Congress’ Worst Bosses

Kudos for the Wash­ing­ton Times for putting this together.

One of the things that inter­est folks out in DC, espe­cially those who work, have worked and want to work on the Hill is who are the best Rep­re­sen­ta­tives and Sen­a­tors to work for.  It effects where resumes flow to and how well con­stituents gets served back home.

Obvi­ously, every staff has turnover.  Staffers come and go, leav­ing for bet­ter jobs in other offices as they get expe­ri­ence and grow out of their ini­tial jobs.  Some head to a party com­mit­tee like the DNC, RNC, or any of the other alpha­bet soups.  Some go onto law school and other grad­u­ate schools; and of course, some go onto K Street to lobby their for­mer bosses and co-workers.

Any­thing in the high teens to mid-twenties would prob­a­bly be seen as “nor­mal” for Capi­tol Hill offices.  Any­thing higher would prob­a­bly be seen as incred­i­bly abnor­mal and a state­ment about the rep­re­sen­ta­tive or senator’s peo­ple skills and or sanity.

At the top of the list, to pretty much no one’s sur­prise, is Texas Demo­c­rat Sheila Jack­son Lee.

Lee is patho­log­i­cally insane to put it mildly.  She is well known for her tem­per tantrums, break­ing down staffers psy­cho­log­i­cally to the point of tears, and even throw­ing things at them (and now being sued because of the med­ical dam­age inflicted by it).

The Times puts it this way:

Each year, an aver­age of half of Mrs. Jack­son Lee’s staff quits, and one year, all but six of 23 staffers left.

Mona Floyd, who served as the congresswoman’s leg­isla­tive direc­tor, has monoc­u­lar vision and has a law­suit pend­ing against Mrs. Jack­son Lee, who was voted the “mean­est mem­ber” of the House in a bipar­ti­san sur­vey of Hill staffers by Wash­ing­ton­ian mag­a­zine last year. Ms. Floyd said she was told by the rep­re­sen­ta­tive, “I don’t care any­thing about your disability.”

Other inci­dents, includ­ing a series of racially charged dia­tribes, were doc­u­mented by the Washington-based Daily Caller web­site after for­mer aides were so taken aback by her behav­ior that they broke an unspo­ken Capi­tol Hill rule not to speak ill of for­mer bosses.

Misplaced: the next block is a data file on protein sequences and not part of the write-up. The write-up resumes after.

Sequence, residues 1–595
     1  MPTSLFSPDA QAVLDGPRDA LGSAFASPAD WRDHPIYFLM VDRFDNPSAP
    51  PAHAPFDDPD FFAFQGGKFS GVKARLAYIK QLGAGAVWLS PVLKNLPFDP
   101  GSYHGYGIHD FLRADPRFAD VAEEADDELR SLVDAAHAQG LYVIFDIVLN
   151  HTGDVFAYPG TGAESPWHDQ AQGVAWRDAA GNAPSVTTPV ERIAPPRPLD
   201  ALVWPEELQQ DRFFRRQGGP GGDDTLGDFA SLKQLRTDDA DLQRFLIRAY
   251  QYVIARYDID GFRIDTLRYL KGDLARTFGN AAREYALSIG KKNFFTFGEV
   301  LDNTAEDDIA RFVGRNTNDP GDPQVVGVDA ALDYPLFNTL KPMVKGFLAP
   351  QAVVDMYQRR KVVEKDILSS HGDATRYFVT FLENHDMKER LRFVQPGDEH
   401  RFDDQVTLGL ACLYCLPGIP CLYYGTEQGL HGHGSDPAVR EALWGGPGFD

The worst Repub­li­can boss?  Also to the shock of no one on the Hill, Minnesota’s Michelle Bachmann.

Rep. Michele Bach­mann, the Min­nesota Repub­li­can who mounted a bid for the pres­i­dency, had an aver­age annual staff turnover rate of 46 per­cent over four years. From 2007 to 2008, 10 of 15 staffers left, even though none of them had an alter­nate job lined up on the Hill.

To be sure, many of Mrs. Bach­mann’s for­mer cam­paign staffers, who are pro­tected by fewer rules sep­a­rat­ing the per­sonal from the pro­fes­sional than the taxpayer-funded con­gres­sional office work­ers, are not happy.

Peter Wal­dron said Mrs. Bach­mann’s cam­paign has refused to pay him and other staffers after they spoke with law enforce­ment about a stolen list of vot­ers, even though the cam­paign is flush with money.

It’s prob­a­bly not a coin­ci­dence that all the peo­ple who have not been paid are the very peo­ple who have either given depo­si­tions, given affi­davits or have been inter­viewed exten­sively by the police,” he told The Hill newspaper.

Here’s the list of the Top Ten Worst Bosses in Con­gress from 2006 through 2011 and their aver­age turnover in staff from one year to another. It does not include num­bers for fresh­men Con­gress­men and Sen­a­tors who were elected in Novem­ber 2010.

Long-time read­ers of this blog won’t be shocked to see a famil­iar name at No. 9.

Congress' Worst Bosses

Other aver­age turnover rates from 2006 to 2011 for the Wis­con­sin del­e­ga­tion include:

26 Per­cent — Rep. Jim Sensenbrenner.

23 Per­cent — Rep. Paul Ryan  (This num­ber is actu­ally skewed by a 40 per­cent turnover in 2010–2011.  At the time, a num­ber of his office staff moved over to the House Bud­get Com­mit­tee full-time.)

20 Per­cent — For­mer Sen. Herb Kohl.

18 Per­cent — Rep. Gwen Moore.

17 Per­cent — Rep. (now Sen.) Tammy Baldwin.

17 Per­cent — For­mer Rep. Dave Obey.

17 Per­cent — Rep. Ron Kind.

16 Per­cent — For­mer Sen. Russ Feingold.

16 Per­cent — Rep. Tom Petri.

Be Socia­ble, Share!